I hope that “better late than never” is a truism, because with the rush of the recent holidays, I let a significant anniversary slip by.
Even though it’s cold outside, now is a good time to stroll through your yard with pencil and paper in hand, noting what worked and what didn’t in your landscape last year. Viewing it during the bare-bones winter season will help you see where changes should be made.
It’s oyster season, and I’m hankering for a trip to Apalachicola for an oyster orgy. I’ve only been to this part of Florida — the Forgotten Panhandle, as it’s known — once several years ago on a Southern Foodways Alliance field trip. Terry and I spent three days with others learning about the challenges facing the U.S. oystermen, going out with them on their boats, with tongs, shucking oysters, eating oysters, smoking mullet and worm grunting (hunting for earthworms). I came home with a deeper appreciation of these men and women and the hard work they do.
I got a strange phone message this week: “Miss Moonpie has taken down her Christmas garlands.” Most folks don’t feel the need to announce the ups and downs of their holiday décor. But, I had given her a gentle ribbing about leaving them up so long. She thought I should be informed.
Seems like everyone I talk to is doing some form of “cutting back” on expenses. I am no exception. Over the years I’ve gotten the reputation for frugality. My mom said I acquired this attribute after leaving home because I certainly never had it while living with them. I say, “Better late than never.”
MISSISSIPPI STATE — Four qualified 4-H’ers who want to learn more about Mississippi government will have the chance to be legislative pages for oMISSISSIPPI STATE — Four qualified 4-H’ers who want to learn more about Mississippi government will have the chance to be legislative pages for one week in March for the Mississippi Senate or House of Representatives.ne week in March for the Mississippi Senate or House of Representatives.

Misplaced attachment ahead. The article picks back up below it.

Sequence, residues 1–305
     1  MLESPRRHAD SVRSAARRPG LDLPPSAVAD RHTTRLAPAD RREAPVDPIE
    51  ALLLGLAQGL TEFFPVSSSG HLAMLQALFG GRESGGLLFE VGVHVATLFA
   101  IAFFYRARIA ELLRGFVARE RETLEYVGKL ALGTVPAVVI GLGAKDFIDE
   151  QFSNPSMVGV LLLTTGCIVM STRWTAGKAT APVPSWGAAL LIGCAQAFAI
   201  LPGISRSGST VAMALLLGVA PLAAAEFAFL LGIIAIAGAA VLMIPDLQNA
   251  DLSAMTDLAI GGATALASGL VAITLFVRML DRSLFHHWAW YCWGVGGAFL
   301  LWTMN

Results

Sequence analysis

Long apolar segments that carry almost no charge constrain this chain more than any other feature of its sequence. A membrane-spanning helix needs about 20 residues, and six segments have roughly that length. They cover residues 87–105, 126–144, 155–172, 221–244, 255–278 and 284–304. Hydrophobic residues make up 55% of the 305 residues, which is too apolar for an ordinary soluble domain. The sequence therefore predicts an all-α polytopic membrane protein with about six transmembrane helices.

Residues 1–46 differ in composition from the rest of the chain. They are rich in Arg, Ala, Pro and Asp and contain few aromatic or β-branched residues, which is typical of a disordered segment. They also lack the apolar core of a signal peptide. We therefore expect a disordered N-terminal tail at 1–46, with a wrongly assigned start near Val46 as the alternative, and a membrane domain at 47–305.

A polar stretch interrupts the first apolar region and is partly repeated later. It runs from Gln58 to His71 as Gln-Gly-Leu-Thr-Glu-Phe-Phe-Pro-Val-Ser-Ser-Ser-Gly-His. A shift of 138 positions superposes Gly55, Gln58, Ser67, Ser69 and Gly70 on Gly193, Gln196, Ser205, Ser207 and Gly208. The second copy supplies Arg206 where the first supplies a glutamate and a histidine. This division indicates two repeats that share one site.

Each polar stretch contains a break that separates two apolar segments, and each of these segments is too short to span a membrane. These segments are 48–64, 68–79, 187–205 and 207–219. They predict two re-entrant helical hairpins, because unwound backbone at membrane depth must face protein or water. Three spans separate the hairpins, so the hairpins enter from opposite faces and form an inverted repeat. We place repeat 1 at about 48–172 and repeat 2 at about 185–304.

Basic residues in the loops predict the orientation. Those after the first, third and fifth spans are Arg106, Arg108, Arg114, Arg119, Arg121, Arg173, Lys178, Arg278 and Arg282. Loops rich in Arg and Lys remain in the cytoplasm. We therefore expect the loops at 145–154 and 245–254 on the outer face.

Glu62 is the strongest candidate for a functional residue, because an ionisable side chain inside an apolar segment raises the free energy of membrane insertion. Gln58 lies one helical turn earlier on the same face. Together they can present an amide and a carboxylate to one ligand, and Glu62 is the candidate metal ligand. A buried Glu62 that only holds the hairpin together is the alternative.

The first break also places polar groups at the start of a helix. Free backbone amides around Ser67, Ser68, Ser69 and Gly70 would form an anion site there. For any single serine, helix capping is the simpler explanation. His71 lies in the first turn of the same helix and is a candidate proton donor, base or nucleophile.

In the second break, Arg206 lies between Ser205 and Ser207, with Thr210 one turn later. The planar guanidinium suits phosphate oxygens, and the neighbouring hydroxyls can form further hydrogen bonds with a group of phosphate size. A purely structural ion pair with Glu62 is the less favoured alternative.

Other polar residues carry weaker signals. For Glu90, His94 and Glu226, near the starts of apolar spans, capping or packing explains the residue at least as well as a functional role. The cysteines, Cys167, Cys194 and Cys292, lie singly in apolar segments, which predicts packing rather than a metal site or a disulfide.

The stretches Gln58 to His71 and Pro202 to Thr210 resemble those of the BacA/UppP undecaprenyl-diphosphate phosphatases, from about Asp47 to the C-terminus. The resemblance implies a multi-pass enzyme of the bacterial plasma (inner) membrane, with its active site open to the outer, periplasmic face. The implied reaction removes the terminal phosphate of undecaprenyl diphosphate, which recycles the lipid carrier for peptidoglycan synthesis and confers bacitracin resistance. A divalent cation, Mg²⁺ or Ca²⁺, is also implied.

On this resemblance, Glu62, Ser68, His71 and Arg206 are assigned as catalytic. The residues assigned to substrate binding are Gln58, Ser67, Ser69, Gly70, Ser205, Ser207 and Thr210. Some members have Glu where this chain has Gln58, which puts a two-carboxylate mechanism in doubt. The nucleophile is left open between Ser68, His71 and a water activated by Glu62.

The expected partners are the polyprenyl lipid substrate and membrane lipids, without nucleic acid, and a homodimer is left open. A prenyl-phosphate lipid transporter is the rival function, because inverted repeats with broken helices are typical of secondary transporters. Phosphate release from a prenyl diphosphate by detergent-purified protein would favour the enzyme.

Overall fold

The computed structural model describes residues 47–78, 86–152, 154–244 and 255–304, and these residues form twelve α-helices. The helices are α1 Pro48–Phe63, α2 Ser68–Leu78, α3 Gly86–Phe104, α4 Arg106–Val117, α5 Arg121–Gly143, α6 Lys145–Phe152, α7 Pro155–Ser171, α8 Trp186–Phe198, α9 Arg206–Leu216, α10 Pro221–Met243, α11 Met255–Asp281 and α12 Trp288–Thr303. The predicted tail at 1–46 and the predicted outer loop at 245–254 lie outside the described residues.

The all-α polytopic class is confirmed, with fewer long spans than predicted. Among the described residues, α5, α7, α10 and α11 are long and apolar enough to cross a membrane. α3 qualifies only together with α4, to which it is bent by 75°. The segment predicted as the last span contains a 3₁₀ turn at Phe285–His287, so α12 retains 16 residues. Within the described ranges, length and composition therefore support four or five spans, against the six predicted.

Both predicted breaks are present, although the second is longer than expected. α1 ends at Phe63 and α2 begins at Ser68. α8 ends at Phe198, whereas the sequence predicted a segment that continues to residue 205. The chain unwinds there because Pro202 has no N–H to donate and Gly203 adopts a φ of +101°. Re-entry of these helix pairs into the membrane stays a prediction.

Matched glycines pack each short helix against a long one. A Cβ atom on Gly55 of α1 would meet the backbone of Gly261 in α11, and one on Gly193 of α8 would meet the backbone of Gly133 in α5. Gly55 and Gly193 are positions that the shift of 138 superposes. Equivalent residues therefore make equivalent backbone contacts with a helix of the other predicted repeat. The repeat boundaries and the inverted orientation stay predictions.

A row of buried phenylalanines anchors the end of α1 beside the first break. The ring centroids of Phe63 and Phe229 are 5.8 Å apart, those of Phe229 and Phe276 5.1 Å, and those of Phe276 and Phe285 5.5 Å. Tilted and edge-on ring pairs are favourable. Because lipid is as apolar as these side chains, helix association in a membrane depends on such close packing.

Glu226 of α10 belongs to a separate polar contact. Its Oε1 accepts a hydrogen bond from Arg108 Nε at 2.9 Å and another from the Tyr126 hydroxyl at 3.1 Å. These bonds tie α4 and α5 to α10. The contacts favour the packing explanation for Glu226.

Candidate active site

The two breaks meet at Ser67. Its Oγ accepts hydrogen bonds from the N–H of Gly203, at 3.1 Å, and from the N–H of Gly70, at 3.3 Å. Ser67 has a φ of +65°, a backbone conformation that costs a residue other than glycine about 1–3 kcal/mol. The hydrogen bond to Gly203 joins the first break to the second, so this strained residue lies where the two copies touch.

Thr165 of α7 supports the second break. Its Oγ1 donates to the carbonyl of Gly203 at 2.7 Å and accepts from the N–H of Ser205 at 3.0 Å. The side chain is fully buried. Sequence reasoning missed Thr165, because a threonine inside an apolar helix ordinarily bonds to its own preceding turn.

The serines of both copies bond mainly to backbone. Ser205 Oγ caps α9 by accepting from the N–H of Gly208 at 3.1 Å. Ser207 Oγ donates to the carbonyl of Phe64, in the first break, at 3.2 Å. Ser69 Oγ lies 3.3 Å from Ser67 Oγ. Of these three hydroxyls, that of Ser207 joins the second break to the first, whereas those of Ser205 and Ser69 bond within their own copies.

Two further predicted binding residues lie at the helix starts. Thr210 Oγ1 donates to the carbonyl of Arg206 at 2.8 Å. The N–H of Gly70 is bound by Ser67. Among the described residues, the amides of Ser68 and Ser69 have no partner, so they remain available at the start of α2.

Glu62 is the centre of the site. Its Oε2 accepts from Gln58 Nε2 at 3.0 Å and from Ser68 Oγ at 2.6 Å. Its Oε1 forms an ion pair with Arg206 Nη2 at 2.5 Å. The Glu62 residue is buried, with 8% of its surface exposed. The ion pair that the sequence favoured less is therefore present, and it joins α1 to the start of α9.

If you are like me, you always pay attention when Andrei Codrescu recites a commentary on National Public Radio.
Collecting things is a human trait that almost anyone participates in.
This new year is getting off to a very bleak start. We are still grieving over the apartment fire in Starkville and sending prayers to Haiti.
I am on a crusade. I think it is not one that would come to your mind immediately, but something that would provide every family with a precious document.
“Some people think the Internet is the best invention in the world,” Laura stated, “but it’s not. It’s the telephone.”
It might be that right now, a couple of guys in a garage are coming up with the next big thing, an item of software or hardware that is going to change our way of doing things or looking at the world. This is just what Bill Gates, head of Microsoft, used to say he worried about. And then it happened. Maybe leaders at Google now worry about the same sort of thing. After all, Sergey Brin and Larry Page were just a couple of young nerds tinkering with a new idea for a search engine in 1998, and now everyone knows what Google is and many people use it in some fashion everyday.
There is no city in America that has so extraordinary a history as Newport, R.I. This is chiefly due to its being a destination for visits, first by well-heeled New Yorkers and Southerners in the 1850s, and then most famously by the rich society swells who installed showplace mansions especially along the magnificent rugged coastline, and then by tourists who come to see the mansions. The mansions (erected by rich people who enjoyed the ironic humor of calling them “cottages”) and the society within them are not the whole Newport story, but any social history of the city is going to concentrate on them.
Why does death always come as a surprise? We expect it throughout our entire life. It is the logical bookend to birth, the soul’s escape.
Sharon knew her husband was cheating. She lined up four friends with cell phones along a likely route. As the husband left the marital abode the first friend followed and alerted the other friends along the way. The husband led the posse right to the front door of his love nest. Photographs were taken, proof garnered — divorce, a done deal.
On New Year’s Eve I spent a quiet evening at home with a cheap bottle of champagne and off-the-shelf caviar — a tradition I started many years ago, even when I had a life.
He was reading a small book. I slipped through the gun checkers at the courthouse. No alarms went off.
Welcome to the beginning of a new year, and the beginning of a new decade!
Just three more days of the Christmas season, which officially ends Jan. 6, on Epiphany.
Tis the season ... we are expected to be joyous, peaceful and generous. Add whatever you wish to this list. It could be endless.
4. A Stone's Throw: Waving flags COLUMNS